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Maritime terrorism
de Diviis, V. (2012). Maritime terrorism, in: Makhutov, N.A. et al. (Ed.) Comparative analysis of technological and intelligent terrorism impacts on complex technical systems. NATO Science for Peace and Security Series: E. Human and Societal Dynamics, 102: pp. 137.
In: Makhutov, N.A.; Baecher, G.B. (Ed.) (2012). Comparative analysis of technological and intelligent terrorism impacts on complex technical systems. NATO Science for Peace and Security Series: E. Human and Societal Dynamics, 102. IOS Press: Amsterdam. ISBN 978-1-61499-130-4. 193 pp., more
In: NATO Science for Peace and Security Series: E. Human and Societal Dynamics. IOS Press. ISSN 1874-6276; e-ISSN 1879-8268, more
Peer reviewed article  

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Document type: Summary

Author keywords
    Real-time information; risk mitigation; workflows

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  • de Diviis, V.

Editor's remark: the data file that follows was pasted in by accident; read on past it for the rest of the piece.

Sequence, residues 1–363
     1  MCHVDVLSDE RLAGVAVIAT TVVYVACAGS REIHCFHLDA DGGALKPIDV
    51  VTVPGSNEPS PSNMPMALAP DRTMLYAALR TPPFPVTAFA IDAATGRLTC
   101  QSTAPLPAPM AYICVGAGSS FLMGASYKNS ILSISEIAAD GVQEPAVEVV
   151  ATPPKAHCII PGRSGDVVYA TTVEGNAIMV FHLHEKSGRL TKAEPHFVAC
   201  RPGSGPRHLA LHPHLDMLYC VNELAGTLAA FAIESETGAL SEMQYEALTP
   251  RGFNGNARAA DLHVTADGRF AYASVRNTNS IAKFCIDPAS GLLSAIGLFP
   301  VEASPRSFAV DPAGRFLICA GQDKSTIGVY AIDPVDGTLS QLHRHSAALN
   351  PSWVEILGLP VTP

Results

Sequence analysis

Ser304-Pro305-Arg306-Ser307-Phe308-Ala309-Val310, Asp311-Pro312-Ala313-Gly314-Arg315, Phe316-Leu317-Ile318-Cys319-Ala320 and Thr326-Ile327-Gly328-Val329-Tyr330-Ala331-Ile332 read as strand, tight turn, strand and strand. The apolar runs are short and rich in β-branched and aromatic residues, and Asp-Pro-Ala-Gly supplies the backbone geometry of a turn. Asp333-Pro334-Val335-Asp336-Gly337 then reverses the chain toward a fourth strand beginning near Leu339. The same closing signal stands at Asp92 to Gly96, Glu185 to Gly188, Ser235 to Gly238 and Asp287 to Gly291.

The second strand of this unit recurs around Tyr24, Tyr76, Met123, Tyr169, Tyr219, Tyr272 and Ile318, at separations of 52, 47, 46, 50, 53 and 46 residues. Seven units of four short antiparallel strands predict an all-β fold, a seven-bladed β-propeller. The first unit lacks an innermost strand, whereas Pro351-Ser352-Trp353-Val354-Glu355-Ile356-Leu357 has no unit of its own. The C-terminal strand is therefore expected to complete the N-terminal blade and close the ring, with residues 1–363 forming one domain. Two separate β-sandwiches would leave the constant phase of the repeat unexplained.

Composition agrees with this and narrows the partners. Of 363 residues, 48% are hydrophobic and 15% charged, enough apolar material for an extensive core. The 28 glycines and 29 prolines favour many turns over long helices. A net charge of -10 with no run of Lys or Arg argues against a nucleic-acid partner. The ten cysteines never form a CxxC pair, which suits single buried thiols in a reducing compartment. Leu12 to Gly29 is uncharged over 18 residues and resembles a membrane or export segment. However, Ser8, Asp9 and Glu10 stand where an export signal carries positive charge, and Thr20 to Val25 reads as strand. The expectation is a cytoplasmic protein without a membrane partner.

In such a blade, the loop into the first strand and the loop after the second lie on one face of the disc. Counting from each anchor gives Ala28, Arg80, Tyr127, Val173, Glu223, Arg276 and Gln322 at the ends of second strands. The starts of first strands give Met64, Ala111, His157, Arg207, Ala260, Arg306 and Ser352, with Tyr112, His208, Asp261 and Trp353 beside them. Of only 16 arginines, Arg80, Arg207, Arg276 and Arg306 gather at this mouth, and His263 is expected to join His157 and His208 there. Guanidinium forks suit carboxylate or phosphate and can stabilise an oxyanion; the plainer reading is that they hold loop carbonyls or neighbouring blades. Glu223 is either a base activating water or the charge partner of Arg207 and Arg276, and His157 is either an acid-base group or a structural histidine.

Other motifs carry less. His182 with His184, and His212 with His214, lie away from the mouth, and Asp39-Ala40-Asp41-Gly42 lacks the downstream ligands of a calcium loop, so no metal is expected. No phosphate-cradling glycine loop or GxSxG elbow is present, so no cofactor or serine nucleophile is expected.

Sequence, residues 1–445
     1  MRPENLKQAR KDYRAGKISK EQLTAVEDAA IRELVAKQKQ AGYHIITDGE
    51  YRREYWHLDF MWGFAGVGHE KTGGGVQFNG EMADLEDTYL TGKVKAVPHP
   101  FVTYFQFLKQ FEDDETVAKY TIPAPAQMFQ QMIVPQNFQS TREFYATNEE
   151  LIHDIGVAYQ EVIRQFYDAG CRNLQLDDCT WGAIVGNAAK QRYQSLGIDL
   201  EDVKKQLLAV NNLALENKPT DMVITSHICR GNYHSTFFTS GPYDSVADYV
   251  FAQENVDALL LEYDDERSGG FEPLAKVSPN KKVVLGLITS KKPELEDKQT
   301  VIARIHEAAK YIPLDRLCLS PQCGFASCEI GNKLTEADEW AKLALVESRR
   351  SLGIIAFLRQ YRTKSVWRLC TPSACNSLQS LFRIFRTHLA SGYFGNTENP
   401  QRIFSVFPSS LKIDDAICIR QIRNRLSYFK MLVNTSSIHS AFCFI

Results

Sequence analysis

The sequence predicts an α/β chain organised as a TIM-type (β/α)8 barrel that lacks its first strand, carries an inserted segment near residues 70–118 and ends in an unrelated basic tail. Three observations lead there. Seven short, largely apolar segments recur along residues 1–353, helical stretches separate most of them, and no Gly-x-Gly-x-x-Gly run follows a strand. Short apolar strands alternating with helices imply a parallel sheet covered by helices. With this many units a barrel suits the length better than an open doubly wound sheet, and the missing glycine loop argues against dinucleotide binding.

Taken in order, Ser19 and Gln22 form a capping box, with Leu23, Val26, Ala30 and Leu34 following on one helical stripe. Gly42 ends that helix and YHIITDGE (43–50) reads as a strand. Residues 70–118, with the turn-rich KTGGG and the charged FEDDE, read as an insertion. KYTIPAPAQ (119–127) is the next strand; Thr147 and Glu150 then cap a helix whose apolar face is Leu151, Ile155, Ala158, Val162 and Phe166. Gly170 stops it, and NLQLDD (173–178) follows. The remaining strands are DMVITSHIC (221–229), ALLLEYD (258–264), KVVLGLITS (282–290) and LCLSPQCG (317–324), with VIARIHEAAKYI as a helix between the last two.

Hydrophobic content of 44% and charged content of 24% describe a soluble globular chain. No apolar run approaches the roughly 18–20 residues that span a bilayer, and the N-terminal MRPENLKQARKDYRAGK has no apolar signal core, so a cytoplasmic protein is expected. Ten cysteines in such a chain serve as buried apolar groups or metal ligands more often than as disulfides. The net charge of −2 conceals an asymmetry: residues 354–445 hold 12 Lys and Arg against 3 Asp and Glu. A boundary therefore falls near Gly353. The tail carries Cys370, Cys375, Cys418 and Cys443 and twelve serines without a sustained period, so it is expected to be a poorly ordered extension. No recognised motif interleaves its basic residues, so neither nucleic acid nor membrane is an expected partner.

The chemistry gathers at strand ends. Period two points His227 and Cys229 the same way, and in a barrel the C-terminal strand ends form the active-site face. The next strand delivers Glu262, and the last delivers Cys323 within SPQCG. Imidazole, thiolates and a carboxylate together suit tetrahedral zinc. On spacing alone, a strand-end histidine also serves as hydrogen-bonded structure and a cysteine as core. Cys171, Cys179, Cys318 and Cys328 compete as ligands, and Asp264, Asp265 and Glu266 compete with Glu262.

Maritime terrorism is the maritime dimension of contemporary asymmetric warfare conducted by international terrorist organizations. Maritime terrorism is the undertaking of terrorist acts and activities within the maritime environment against vessels or fixed platforms at sea or in port, or against any one of their passengers or personnel, against coastal facilities or settlements, including tourist resorts, port areas and port towns or cities as well as any maritime activity intended to support the existence or the purposes of one or more terrorist organizations through licit or illicit means sea-born migration flows when exploited for the movements of terrorists, of terrorism backers/supporters and for financial profit when it involves people trafficking and migrants smuggling perpetrated by transnational organized crime depending on a terrorist organization. Criminal trafficking's are directly relevant activities for terrorist organizations for perpetrating their purposes. Maritime dimension offers an ideal environment to be exploited by criminal and terrorist organizations. Maritime environment and industry have intrinsic hinders to properly counter illicit phenomena and facilitating legal commercial and migration flows meanwhile which are vital for contemporary and future interdependent economy. Piracy and armed robbery against vessels are a plague to maritime security and global shipping. Such phenomena have implications for maritime shipping and are a meaningful damage for international trade and maritime traffic. Piracy has a functional role for terrorist organizations when it pursues aims of terrorism funding. According to many analysts, some terrorist groups are directly linked with piratical aggressions. Terrorist groups demonstrated to be trained to exploiting maritime environment for attacking offshore and ashore civilian and commercial targets as well as military vessels and to acquire sensitive information. Key factors enabling maritime terrorism are open registers and flags of convenience. National Maritime shipping industries would require stricter rules and implementation of policies not offering the possibility to easily conceal the real identity of ship owners and maritime companies' businessmen. Corruption and lack of accountability characterize flags of convenience offering good opportunities for criminals money launderers, or the insane practice of sinking a ship for profiting over insurance damages. Flags of convenience are the maritime sphere of offshore financial centers and bank secrecy. Phantom ships are assets of terrorist organizations and they compose certain fleet operating across the world. Maritime terrorism poses serious concerns to the international supply chain security as it affects worldwide international commercial shipping. When estimating harbors risks and exposition to terrorist attacks, if they serve as hubs for terrorist purposes such function could be a deterrent for this type of incidents. Activities aimed at countering maritime terrorism are a significant contribution to reduce international instability since the high exploitation of the sea for terrorist and criminal purposes is a concerning aspect of contemporary global (dis)order.

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